Do you know your SEIS from your EIS?

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    Updated: November 13, 2019 at 1:36 pm

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      Here’s what you need to know.

      Finding investment funds for your business is a top priority when starting out or looking to grow. A good place to begin when you need business finance is by looking at HMRC’s Seed Enterprise Investment Scheme (SEIS) and Enterprise Investment Scheme (EIS).
      But what are they? And do you even qualify? Read on to find out if this type of business funding is right for you.

      What are SEIS and EIS?

      The SEIS and EIS are HMRC’s venture capital schemes and – if you’re an unlisted company with permanent establishment in the UK – you might just qualify for business funding in this way. These schemes are designed to encourage investors to offer start-up funding or small business funding to SMEs by giving them a sizeable tax break.

      Here we take a closer look at how you could – and whether you could – benefit from these special investment funds for business.

      SEIS: the lowdown

      In return for investment funding for businesses – whether small and growing or recently started up – the SEIS offers tempting tax efficiency benefits to investors.

      It can be a great place to start when looking for investment funds for your business. But will you qualify? If you’re considering the SEIS as a business funding option, ask yourself the following questions:

      • Have I been trading as a company for under two years?
      • Do I have fewer than 25 employees?
      • Do I have no more than £200k in gross assets?
      • Have I had no previous investment through EIS or Venture Capital Trust?

      If you can answer ‘yes’ to all of these questions, you might just have uncovered a small business funding goldmine! The SEIS allows you to receive small business funding of up to £150,000, which can come from several different investors.

      Your investors will receive a tax break of 50%, so it’s win/win all round.

      Don’t forget when answering the questions, that ‘trading’ starts the day you make your first commercial sale, not the date you register your business. It’s an important one to remember when looking into venture capital schemes as a way of business funding.

      EIS: what’s the difference?

      The EIS is a great way of raising business funding if you are a small, higher-risk company. It offers tax relief to investors who purchase shares in your business.

      With a total maximum investment value of £12 million which can come from multiple investors, it’s definitely an option to be considered when looking at your business finance options. Your investors get a tax relief of 30%, so again the EIS is an excellent business funding option all round.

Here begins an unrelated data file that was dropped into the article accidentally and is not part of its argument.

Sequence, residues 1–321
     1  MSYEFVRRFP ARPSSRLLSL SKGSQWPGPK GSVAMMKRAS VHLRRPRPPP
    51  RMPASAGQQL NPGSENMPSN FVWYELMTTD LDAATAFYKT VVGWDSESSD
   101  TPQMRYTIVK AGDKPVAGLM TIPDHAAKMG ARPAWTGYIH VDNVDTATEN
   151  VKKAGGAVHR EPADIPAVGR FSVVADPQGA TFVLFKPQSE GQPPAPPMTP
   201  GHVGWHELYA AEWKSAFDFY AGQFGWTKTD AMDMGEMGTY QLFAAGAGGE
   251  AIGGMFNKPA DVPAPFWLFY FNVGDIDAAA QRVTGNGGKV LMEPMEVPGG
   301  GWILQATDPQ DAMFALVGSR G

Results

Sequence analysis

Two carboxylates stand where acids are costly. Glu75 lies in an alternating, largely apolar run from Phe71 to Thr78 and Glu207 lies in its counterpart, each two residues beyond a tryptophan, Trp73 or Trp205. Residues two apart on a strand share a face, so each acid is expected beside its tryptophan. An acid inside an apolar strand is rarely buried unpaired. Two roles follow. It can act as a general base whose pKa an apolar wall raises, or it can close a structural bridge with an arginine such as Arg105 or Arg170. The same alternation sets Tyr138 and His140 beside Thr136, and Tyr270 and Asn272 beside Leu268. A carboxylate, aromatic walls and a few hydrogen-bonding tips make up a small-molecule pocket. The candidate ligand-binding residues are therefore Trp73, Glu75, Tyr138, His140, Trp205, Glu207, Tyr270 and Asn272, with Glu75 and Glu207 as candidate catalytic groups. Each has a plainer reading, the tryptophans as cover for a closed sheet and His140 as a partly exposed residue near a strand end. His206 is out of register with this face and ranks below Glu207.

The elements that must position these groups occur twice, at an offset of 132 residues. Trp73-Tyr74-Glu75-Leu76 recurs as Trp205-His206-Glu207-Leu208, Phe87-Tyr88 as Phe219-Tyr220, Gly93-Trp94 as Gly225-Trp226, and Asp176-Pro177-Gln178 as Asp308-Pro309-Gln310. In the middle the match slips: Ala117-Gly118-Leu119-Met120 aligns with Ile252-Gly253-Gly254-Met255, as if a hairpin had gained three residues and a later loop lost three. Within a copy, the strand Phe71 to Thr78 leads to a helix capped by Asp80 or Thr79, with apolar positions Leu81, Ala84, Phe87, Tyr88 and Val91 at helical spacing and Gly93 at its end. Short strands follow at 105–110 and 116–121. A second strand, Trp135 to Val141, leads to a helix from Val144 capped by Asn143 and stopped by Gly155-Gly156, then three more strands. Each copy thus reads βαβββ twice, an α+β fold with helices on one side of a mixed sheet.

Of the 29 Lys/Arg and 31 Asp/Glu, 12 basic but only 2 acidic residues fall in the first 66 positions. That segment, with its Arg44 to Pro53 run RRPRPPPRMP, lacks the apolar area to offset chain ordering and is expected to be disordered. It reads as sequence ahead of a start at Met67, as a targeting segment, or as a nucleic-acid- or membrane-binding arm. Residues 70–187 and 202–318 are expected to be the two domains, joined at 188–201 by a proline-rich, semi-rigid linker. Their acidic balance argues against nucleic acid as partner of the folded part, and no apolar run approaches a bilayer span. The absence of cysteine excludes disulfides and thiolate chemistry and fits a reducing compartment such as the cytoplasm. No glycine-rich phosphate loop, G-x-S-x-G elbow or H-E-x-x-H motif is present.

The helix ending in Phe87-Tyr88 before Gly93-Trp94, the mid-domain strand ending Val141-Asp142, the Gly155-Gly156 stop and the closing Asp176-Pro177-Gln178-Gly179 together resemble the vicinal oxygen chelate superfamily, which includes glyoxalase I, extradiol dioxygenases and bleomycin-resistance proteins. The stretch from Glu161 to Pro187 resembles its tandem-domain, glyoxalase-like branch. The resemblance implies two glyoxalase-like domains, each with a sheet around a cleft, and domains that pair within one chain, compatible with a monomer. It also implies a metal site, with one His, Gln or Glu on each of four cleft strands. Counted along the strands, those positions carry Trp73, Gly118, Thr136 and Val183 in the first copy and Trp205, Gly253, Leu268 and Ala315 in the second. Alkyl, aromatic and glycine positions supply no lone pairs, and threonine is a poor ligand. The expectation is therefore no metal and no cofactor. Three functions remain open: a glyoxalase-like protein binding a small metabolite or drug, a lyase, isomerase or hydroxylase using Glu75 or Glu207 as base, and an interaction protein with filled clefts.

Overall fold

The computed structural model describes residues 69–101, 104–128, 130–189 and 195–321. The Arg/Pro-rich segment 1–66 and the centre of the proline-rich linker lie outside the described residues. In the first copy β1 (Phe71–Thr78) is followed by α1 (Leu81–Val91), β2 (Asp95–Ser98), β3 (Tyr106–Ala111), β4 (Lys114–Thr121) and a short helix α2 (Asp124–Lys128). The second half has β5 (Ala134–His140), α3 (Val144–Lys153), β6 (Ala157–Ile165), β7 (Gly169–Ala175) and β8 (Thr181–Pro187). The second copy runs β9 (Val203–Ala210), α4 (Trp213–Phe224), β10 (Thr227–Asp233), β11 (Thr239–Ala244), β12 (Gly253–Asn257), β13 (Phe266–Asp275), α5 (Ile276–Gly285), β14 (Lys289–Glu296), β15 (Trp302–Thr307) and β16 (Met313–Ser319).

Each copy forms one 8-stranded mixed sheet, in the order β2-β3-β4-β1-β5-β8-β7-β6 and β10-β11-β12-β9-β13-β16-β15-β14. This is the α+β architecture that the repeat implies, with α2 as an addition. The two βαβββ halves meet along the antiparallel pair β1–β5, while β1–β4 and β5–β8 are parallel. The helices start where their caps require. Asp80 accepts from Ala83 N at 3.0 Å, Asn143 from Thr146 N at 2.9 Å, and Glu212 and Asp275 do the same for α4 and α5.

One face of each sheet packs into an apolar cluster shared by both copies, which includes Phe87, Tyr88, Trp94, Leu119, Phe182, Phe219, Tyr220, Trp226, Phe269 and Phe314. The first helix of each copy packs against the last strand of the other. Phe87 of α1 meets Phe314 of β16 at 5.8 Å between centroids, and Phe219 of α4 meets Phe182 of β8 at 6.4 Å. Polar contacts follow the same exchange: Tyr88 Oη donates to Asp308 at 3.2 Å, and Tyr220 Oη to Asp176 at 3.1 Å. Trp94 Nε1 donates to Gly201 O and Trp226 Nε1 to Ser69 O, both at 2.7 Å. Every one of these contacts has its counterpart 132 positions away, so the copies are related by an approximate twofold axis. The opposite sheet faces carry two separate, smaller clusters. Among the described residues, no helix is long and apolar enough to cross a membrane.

There are a few conditions though. There is a cap of £5 million on the amount of investment funding you can raise for your business in a 12-month period. And you have to be able to answer ‘yes’ to the following questions to qualify to receive this type of investment funds for your business:

      • Do you have no more than £15 million in gross assets?
      • Do you have fewer than 250 employees?
      • Was your business’ first commercial sale less than seven years ago?

      There is an exception, in that if you’re a knowledge-intensive business, you can extend the EIS for a further three years, so this business funding option will remain open to you for longer. A knowledge-intensive business is one that:

      • spends a certain proportion of its operating costs on R&D or innovation (at least 10% of total operating costs in each of the three years prior to the EIS investment)
      • spends at least 15% of its operating costs on R&D or innovation in one of the three years.

      Both of these schemes can be incredibly helpful for businesses seeking startup funding or investment funds for a business that is young and growing. It is important to remember that investors have to keep their investment funds in your business for a minimum of three years, and that their investment must be spent within the three-year period on the qualified trade. It cannot be used to invest in other companies.

      If you’re thinking of trying to access investment funds for your business in this way, you might like to consider applying for pre-clearance or Advanced Assurance as investors will be more attracted to you if you have this. You may also wish to have a closer look at the criteria for SEIS and EIS here.

      Of course, Swoop is also more than happy to help you get registered for the SEIS or EIS, and we can help you to find the SEIS or EIS business finance you need. We can have you ready to wow potential investors in no time.

      What’s in it for investors?

      When looking to offer investment funds for businesses, an investor will not only receive their 50% or 30% tax break, but they will also receive the following benefits:

      • No capital gains tax to pay on profits
      • They can claim loss relief against income tax
      • They will not pay inheritance taxes.

      They do, however, still have to pay capital gains tax on any dividends received. And they can only invest up to £100,000 in a 12-month period through SEIS and £1 million through EIS.

      What next?

      Whatever your funding requirement is, and whatever stage you’re at, our team would be delighted to offer you some free advice on your options.

      Just drop us an email at or register your business here.

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